Saturday, March 26, 2011

The Running Dream

The Running Dream by Wendelin Van Draanen quickly rose to a quiet favorite as I read it.

While an accomplished author, Van Draanen is new to me. I know, I know: you are shocked. Heck, I'll be lucky if my close literacy friends don't disown me with that fact: Maika Yeigh has loved Flipped since it came out in 2001. But I digress: In addition to writing Flipped, Van Draanen authored the Sammy Keyes mysteries and Runaway among others. She is well known among the intermediate and middle school grades but this arena was not one I had seen her attack before. Folks who know me likely know my history with sports. While I am not competitive, physical movement has fueled my life. Alysa found The Running Dream in the library, handed it to me and said, "Read the inside cover. You might like this."

Smart girl, that Alysa. Once I started, I had to finish that same day, staying up late to complete the read. I enjoyed the challenges the main character, Jessica, experiences as she learns how to live life fully after having her lower leg amputated. Greater she struggles to unearth who she is, as a one-legged athlete who misses her two-legged adventures desperately. Over time, Van Draanen masterfully catches us in her story-telling web as we learn how Jessica grows into her own presence, journeying with new-found friends whom she would have never genuinely associated with while she had two legs. While I have been blessed with a lifetime filled with physical movement, I treasure looking back at the moments where I found my way through what seemed like impossible challenges, helping me know more of who I was at the time and discovering the community of folks who readily joined my journey.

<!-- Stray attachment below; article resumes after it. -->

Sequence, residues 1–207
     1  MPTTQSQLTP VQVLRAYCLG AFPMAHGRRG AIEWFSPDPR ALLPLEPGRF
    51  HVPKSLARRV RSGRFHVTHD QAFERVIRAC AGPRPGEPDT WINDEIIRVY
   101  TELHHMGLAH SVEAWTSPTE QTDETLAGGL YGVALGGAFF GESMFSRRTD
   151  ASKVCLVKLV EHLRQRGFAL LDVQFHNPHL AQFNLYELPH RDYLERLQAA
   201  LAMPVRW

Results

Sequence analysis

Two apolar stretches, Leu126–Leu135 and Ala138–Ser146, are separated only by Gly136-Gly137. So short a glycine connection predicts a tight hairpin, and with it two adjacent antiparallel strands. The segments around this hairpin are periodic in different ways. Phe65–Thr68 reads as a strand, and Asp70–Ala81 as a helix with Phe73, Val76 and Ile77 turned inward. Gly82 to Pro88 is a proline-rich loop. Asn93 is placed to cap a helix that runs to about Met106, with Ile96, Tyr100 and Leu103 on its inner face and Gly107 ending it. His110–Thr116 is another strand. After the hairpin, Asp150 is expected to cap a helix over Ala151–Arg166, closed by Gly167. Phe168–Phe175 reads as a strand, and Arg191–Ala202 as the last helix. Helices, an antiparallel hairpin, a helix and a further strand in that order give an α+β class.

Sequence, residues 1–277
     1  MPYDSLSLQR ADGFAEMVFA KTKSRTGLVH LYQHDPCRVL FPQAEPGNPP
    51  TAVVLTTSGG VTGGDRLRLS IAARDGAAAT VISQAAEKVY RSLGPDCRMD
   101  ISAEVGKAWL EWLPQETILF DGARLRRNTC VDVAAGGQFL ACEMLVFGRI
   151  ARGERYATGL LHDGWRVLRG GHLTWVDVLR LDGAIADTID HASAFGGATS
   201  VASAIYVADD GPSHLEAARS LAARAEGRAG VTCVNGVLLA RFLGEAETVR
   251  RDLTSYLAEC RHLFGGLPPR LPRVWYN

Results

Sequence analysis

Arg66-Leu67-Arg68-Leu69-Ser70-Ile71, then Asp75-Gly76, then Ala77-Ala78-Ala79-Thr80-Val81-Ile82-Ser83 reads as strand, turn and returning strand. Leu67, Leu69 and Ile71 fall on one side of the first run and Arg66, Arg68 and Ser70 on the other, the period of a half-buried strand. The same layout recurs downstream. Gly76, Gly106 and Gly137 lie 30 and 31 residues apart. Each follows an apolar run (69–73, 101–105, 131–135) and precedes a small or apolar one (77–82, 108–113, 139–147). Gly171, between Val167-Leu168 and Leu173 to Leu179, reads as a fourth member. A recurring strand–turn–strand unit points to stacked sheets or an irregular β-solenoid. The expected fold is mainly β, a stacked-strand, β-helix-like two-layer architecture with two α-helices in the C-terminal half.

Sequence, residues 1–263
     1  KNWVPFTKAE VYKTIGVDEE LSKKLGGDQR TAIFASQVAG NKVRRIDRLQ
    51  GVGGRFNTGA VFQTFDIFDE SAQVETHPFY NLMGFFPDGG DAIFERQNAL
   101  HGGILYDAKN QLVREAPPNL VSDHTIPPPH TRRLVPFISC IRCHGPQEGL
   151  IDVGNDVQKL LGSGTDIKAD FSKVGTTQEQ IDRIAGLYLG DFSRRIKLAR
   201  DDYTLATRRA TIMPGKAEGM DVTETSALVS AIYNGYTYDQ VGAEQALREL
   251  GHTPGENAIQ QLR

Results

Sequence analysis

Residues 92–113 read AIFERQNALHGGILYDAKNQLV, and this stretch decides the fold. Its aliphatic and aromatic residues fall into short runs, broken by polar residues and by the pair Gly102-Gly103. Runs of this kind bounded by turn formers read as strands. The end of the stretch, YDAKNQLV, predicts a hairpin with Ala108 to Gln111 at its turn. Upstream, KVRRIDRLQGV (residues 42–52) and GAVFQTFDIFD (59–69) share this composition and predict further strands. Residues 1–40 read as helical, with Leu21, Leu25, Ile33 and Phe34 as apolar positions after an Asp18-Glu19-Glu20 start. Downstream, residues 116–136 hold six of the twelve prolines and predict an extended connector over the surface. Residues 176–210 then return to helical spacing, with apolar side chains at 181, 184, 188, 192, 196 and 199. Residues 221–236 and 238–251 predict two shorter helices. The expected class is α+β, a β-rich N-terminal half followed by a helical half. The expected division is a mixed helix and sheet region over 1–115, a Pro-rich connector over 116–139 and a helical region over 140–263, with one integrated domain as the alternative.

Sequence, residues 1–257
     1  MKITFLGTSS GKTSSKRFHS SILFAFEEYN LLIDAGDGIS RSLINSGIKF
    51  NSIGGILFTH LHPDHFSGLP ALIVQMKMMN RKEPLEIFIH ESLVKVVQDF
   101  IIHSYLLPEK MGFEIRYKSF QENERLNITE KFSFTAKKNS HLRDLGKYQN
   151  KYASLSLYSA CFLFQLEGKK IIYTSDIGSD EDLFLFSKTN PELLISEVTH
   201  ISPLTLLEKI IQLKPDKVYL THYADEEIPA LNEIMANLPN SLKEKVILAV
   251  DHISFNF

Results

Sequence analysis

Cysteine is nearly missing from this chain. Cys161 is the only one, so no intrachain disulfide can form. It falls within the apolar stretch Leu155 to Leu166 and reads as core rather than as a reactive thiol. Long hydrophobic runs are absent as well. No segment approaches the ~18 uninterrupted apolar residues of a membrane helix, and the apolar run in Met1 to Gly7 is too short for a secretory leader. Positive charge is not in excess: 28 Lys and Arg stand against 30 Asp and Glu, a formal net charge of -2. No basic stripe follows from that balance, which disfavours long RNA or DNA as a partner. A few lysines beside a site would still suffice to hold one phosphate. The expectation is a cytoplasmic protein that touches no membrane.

One of the things I most appreciated about this book is how Van Draanen wrote it. She offers a spaciousness here in this text, which in turn offered me time to negotiate my own fears and discomfort with how living must be different for amputees. It also gave me time to land in a confirmation of the characters, ones whom likely walk around me everyday, just asking to be recognized for who they are not what they are missing.

I wholehearted encourage folks to read this book. The main character is a sophomore in high school, but I could easily see invested and engaged readers from fifth and sixth grade and definitely middle school thoroughly devouring this text. Readers who want to know more about running, amputation, and girl athletes will like this book.

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